Now on exhibit at the Milwaukee-based museum, Yokoyama-san’s motorcycle remains in the same condition it was found along the beach of Graham Island in British Columbia by Canadian Peter Mark. “We’re truly humbled to display Mr. Yokoyama’s motorcycle,” said Bill Davidson, Vice President of the Harley-Davidson Museum. “This motorcycle has an amazing story to tell, and we are honored to be able to share it.” The Harley-Davidson Museum is open daily from 10 a.m. – 6 p.m., with the exception of Thursday, when it is open until 8 p.m. If you are in the area, we highly recommend seeing the exhibit.
The first major piece of debris to hit North American soil from the 2011 Tōhoku earthquake and tsunami, there is a happy ending to the story about the Harley-Davidson motorcycle that ended up floating across the Pacific Ocean over the past year after the Japanese natural disaster. Using the VIN and license plate, which were still readable on the motorcycle, Ikuo Yokoyama was ultimately identified as the owner of the Harley-Davidson Softail Night Train, and efforts were put in place to put the motorcyclist back in possession of his Harley-Davidson, but this is where the story gets interesting.
Just a little over a year later, debris from the Sendai earthquake and its subsequent tsunami is starting to make its way across the Pacific Ocean, with the first bit major piece of fallout to hit Canadian soil just now being reported. Though the effects to the motorcycle industry were only a small portion of the overall devastation, for our purposes it seems fitting that the first sizable item to wash ashore is a Harley-Davidson motorcycle. Landing in the Haida Gwaii islands of British Columbia, the Harley-Davidson Softail was discovered by Peter Mark, who was riding his ATV along the coast of the isolated beach.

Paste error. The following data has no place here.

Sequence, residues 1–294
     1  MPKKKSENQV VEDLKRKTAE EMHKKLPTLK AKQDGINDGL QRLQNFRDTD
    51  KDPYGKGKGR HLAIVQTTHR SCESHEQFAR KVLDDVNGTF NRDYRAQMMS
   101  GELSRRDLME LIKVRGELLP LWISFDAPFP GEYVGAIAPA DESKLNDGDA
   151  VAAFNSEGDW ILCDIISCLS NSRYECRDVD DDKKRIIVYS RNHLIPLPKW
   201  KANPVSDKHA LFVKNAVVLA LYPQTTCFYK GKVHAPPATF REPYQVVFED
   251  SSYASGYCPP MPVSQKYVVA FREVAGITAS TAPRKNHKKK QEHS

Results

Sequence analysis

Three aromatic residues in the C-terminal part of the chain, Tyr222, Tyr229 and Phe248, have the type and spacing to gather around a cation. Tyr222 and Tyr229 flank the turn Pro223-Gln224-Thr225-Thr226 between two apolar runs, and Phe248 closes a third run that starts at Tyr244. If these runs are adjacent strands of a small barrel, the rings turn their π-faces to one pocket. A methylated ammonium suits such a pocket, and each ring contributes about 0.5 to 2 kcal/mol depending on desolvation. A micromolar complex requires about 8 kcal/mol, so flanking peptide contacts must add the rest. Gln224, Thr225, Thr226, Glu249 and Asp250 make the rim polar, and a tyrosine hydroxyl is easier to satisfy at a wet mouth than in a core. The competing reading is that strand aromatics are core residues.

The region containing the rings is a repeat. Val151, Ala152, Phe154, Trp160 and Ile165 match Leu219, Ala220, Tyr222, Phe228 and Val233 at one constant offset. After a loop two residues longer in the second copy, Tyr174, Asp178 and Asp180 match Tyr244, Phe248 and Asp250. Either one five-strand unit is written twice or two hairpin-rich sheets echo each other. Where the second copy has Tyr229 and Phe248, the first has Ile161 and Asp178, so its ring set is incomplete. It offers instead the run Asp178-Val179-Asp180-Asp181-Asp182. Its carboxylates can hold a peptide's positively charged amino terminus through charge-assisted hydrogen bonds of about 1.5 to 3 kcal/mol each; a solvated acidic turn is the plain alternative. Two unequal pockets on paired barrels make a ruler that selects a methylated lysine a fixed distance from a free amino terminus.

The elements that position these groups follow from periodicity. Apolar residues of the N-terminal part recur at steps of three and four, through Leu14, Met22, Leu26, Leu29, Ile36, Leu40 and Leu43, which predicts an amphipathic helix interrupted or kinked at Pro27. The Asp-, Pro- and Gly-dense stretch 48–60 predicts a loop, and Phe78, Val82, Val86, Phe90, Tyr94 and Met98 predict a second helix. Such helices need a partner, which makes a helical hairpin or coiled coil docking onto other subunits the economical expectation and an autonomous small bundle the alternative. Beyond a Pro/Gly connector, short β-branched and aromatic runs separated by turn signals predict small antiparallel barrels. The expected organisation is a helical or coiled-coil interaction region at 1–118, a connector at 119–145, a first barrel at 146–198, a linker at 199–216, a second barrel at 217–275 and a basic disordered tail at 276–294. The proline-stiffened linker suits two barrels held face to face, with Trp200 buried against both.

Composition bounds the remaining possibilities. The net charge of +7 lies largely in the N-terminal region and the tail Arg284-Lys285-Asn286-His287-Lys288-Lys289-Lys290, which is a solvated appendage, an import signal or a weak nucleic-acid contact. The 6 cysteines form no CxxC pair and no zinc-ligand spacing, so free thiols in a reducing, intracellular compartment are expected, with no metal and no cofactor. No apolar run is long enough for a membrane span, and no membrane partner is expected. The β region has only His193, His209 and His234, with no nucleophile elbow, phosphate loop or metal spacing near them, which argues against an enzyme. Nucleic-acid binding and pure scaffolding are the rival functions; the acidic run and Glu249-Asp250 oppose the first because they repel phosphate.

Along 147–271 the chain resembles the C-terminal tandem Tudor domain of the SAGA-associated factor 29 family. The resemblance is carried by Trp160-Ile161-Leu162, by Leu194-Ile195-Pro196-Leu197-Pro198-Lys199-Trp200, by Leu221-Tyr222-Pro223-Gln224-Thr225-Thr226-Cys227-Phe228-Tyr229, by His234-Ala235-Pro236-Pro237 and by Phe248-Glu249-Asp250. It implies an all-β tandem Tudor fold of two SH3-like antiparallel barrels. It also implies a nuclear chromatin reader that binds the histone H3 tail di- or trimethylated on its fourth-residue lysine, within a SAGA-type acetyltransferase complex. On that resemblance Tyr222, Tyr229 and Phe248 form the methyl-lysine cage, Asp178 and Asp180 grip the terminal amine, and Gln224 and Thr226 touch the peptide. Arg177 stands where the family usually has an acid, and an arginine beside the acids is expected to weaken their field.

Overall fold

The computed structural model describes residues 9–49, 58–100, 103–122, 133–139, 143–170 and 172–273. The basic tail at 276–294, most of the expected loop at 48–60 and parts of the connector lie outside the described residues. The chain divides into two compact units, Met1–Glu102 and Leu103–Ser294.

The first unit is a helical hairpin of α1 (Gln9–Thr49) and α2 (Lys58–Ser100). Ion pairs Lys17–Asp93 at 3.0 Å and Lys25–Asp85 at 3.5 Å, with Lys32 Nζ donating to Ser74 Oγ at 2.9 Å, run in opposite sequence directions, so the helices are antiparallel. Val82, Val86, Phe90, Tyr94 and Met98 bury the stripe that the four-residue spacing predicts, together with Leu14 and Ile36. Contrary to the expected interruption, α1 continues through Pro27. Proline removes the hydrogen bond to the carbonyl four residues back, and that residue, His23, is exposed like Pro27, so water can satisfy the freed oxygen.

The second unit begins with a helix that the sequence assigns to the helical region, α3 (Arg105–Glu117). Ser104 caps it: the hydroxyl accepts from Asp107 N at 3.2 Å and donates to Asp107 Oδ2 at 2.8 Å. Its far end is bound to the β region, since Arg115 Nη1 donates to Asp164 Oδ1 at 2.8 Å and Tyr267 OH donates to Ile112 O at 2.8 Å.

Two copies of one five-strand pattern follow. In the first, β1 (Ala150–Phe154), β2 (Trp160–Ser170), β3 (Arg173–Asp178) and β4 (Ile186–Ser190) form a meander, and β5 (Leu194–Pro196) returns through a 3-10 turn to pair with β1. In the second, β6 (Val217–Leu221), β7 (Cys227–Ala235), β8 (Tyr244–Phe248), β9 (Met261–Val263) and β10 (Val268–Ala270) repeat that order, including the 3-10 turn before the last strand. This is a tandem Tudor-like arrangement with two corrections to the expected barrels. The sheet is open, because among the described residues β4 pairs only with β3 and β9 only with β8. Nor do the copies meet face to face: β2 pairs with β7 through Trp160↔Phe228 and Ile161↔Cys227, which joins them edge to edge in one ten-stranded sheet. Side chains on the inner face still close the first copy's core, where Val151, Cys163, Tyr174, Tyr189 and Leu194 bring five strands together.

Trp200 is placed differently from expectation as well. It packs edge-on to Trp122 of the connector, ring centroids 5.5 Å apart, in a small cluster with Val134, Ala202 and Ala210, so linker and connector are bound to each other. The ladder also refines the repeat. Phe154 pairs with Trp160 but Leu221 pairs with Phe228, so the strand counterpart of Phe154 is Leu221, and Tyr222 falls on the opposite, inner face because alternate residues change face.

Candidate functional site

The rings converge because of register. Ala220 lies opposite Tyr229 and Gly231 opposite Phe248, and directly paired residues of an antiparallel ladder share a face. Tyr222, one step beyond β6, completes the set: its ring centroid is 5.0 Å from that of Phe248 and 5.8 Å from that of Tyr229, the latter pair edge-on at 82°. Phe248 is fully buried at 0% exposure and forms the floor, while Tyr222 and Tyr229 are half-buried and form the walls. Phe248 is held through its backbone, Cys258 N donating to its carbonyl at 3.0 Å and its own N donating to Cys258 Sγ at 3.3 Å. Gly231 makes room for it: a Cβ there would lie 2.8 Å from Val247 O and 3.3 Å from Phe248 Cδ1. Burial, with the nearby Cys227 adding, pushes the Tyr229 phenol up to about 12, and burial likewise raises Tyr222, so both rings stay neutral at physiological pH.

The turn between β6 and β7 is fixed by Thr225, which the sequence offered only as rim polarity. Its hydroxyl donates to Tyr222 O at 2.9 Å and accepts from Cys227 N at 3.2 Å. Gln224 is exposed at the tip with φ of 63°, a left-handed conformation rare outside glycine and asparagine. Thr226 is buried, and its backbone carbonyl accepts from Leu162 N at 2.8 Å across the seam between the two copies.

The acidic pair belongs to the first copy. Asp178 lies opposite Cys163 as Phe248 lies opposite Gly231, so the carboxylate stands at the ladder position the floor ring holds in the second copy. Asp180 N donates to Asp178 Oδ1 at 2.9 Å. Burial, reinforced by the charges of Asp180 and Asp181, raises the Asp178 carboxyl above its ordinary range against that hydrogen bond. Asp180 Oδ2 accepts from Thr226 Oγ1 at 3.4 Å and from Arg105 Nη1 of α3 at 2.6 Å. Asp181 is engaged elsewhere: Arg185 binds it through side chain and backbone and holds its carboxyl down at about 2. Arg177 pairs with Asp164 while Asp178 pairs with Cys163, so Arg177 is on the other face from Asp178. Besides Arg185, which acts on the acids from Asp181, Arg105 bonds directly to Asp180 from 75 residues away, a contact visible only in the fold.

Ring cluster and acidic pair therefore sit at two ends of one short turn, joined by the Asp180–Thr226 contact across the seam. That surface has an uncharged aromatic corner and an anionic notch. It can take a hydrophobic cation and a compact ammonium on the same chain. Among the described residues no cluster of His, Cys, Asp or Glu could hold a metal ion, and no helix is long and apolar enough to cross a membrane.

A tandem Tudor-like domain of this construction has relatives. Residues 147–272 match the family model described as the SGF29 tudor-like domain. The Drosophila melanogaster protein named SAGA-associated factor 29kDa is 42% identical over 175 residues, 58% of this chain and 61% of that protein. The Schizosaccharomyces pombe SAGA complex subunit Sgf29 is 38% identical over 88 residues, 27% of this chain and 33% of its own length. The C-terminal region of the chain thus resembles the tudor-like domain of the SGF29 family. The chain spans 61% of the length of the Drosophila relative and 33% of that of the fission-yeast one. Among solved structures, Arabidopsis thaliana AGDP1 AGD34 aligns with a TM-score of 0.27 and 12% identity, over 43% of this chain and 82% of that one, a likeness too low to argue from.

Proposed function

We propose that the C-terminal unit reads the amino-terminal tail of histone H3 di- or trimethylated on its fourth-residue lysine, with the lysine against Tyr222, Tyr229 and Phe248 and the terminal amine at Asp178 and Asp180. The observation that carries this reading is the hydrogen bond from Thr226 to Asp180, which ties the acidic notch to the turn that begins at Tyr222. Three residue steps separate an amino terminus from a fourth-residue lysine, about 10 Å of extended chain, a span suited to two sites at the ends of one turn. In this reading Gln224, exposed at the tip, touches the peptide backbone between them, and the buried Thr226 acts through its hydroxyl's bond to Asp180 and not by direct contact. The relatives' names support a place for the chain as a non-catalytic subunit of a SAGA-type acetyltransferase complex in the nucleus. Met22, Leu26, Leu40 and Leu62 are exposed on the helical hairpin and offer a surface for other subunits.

Well, 2011 as a year is finally over, and for the motorcycling community it was quite a year. As we begin 2012, we here at Asphalt & Rubber are of course not immune to the desire to summarize and highlight the passing of 2011. So we accordingly assembled 11 of the most important events that shaped motorcycling this past year and changed the way the sport, the industry, and the community will grow in the years to come. Picking only eleven moments in a single year is no easy feat, though some of the events in our selection are obvious choices because of their magnitude. Enjoy and a Happy New Year to our loyal A&R readers.
Honda has announced that it will be restarting motorcycle production at its Kumamoto factory as of Monday, March 28th. Initially closing all its facilities in Japan after the devastation caused by the Sendai earthquake, Kumamoto will be one of Honda’s first facilities to re-open in almost two weeks’ time. While the company’s Sayama, Saitama, and Suzuka facilities will remain closed through April 3rd, Honda will make a decision on when to restart production at those locations as that date becomes closer. Honda will continue to make decisions on its operations from this date forth, keeping a close eye on its supply chain and the good of the country as whole as the situation in Japan continues to change and evolve.
If you’re just starting your routine this Friday morning, you’ve likely already seen that a massive earthquake struck Japan about 230 miles offshore from Tokyo. The 8.9 magnitude earthquake is one of the top seven most powerful quakes in recorded history, and the largest to hit Japan in over 100 years. Occurring relatively close to the surface, the Sendai Earthquake, as it’s being called, triggered a tsunami, with waves as tall as 30 feet. Since the initial quake, a series of aftershocks have hit Japan as well, with many of those having a magnitude of 5.0 or greater on the Richter scale.